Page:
WHITE PLAINS, N.Y.—Finalists have been selected in the first Gift For Life / New York International Gift Fair Product Design Competition, with nine prototypes vying for “Peoples’ Choice” and “Designer Distinction” Awards at the Gift Fair, Aug. 14-19.
Themed “Make Change,” the inaugural design competition required established and emerging designers to reinvent the iconic piggy bank with unique and innovative elements. While banks could be dramatically re-imagined, they had to retain their functional aspect and be a repository for money in order to be considered.
“From card stock to gold plate, the materials were as diverse as the concepts and the designers behind them,” said Dorothy Belshaw, NYIGF director and GLM senior vice president. “The designers’ personal interpretations of the piggy bank were refreshingly unique and different.”
The finalists are:
The Coffee Joe Banks series by Japanese product designer Akira Yoshimura is a collection of flat, precision-cut paper cards meticulously engineered to transform into whimsical three-dimensional change collectors.
The Le Cochon Tote from the Bradley Stephens design firm in New York is a faux leather handbag with a tiny zipper on top just wide enough to insert dollar bills. A mother-of-pearl encrusted pocket knife is integrated into the design as a special accessory for “breaking the bank.”
The Red Ribbon for Aids sock bank was handmade by Brenda Elvey, of Missoula, Mont. This bank is made with stretch fabric to hold the change, topped by a face and ribbon shaped of polymer clay and covered with resin.
The cast brass Glyptodon Community Bank by Graham Parker Ansell of Alubuquerque, N.M., was designed to collect funds for local charities. While on public display for one month following the earthquake in Haiti, nearly $500 was collected and donated towards relief efforts. Theft-proof and weatherproof, the bank contains a bell which dings when a donation is made.
The Jenny Island Canada Bank, also by Graham Parker Ansell, is a 10-inch tall mahogany box construction embellished by brass inlay images of Jenny Island and the pelicans which fly around the island in the summer. Coins are placed in the bird’s eye image of Jenny Island, then ring three hidden chimes before collecting in the coin reservoir.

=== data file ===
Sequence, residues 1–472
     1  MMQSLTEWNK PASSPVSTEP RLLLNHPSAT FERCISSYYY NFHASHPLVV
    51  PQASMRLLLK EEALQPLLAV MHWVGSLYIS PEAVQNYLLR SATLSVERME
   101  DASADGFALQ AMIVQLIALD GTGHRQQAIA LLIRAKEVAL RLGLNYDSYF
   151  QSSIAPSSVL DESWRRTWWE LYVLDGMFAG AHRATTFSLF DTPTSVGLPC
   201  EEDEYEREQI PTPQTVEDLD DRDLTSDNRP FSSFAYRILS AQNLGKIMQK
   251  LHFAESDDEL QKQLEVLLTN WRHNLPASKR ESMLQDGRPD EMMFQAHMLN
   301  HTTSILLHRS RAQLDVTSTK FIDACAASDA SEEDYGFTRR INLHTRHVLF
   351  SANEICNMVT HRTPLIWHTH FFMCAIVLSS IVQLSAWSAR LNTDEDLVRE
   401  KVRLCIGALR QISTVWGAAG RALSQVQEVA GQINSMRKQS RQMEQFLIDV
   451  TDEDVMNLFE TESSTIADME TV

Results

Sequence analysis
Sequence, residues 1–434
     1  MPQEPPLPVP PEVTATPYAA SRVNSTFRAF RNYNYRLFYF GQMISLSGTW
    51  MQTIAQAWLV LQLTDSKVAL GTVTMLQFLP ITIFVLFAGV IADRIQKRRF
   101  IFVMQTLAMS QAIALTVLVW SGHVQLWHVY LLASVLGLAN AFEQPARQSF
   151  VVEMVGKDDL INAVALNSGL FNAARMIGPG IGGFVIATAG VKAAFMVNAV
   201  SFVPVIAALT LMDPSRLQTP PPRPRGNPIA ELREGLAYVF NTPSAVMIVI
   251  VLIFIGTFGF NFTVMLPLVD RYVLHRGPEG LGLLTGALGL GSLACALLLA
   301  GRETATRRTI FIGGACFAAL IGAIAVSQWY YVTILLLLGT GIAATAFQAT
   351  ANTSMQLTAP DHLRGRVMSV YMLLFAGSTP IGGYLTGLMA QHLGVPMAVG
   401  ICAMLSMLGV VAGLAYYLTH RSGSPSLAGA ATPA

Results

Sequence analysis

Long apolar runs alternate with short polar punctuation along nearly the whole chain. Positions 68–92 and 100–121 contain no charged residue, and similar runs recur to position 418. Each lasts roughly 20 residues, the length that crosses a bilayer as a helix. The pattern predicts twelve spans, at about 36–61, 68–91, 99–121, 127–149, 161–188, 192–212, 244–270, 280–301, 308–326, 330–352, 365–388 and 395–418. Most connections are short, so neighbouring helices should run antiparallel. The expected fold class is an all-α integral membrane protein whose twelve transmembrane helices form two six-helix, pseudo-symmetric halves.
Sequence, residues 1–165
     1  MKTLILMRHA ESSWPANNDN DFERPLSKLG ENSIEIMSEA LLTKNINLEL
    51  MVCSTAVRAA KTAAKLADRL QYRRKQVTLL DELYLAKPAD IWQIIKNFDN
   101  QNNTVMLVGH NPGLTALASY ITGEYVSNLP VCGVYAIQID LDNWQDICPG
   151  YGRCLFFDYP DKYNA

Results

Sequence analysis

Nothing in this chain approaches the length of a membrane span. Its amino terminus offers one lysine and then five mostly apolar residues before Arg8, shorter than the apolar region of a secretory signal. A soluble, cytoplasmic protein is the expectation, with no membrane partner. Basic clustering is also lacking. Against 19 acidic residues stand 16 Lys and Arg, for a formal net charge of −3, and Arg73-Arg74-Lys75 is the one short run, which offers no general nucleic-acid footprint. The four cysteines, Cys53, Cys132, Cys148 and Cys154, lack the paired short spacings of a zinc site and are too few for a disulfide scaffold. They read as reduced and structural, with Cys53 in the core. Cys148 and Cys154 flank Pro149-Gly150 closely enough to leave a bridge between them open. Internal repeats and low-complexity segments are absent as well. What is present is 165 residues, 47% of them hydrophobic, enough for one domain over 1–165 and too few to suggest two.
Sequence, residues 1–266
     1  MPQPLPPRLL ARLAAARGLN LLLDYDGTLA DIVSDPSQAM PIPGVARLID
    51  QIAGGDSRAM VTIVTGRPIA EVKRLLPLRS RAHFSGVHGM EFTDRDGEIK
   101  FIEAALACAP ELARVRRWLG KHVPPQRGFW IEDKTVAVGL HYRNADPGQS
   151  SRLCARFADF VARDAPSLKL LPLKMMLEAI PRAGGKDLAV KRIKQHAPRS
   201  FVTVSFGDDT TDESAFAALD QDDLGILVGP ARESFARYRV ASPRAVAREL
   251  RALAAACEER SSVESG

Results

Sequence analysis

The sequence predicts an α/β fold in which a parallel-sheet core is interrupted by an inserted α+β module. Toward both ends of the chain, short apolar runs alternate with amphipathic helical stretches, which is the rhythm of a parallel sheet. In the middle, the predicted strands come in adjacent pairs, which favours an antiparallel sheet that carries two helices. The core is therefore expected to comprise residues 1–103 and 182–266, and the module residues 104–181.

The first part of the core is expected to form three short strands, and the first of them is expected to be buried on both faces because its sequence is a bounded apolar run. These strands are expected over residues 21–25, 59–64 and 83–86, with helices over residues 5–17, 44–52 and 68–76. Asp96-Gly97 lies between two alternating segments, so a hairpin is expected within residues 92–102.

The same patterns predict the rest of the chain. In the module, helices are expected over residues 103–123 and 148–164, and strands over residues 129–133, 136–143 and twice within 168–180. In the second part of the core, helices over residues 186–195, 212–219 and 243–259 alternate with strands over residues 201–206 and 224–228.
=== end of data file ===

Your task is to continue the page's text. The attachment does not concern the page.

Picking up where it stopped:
The Multi-functional Money Box by May Luk of Brooklyn, N.Y., is a piggy bank, vase, bookend and wall display unit all in one. Handmade from high fire stoneware and felt embellishment, it also contains a glass bud vase insert.
With their Rags to Riches concept, designers Susan Firestone and Karen Bluestein have used Siw Thai Silk scraps wrapped around a ceramic piggy bank to represent those whose lives fray and unravel as they live with HIV and AIDS.
New York-based artist Eric Bonnin expresses lighthearted humor with his Bunny Bank, handmade in black stoneware and glazed in shiny black with a bronze sheen, it’s a functional sculpture which will need to be broken or shaken to reveal its contents.
Bank in the Form of a Pig is part of the “Reality” series by award winning interior and industrial designer Harry Allen. “Reality” is cast from a piglet which died of natural causes. The 10-inch high and 18-inch long bank is meant to stir emotional conflict.
Finalists’ designs will be displayed in the Jacob K. Javits Convention Center’s Crystal Palace lobby during the summer 2010 NYIGF, and two awards – a “Peoples’ Choice Award” based on voting by market participants, and a “Designer Distinction Award” as determined by a panel of professional designers will be presented. Winners of both Awards will receive one complimentary exhibition space (valued at $3,700) for the winter 2011 NYIGF.
Proceeds from the competition will benefit the charitable efforts of Gift For Life and its sole beneficiary, DIFFA: Design Industries Foundation Fighting AIDS, one of the largest funders of HIV/AIDS service and education programs in the U.S.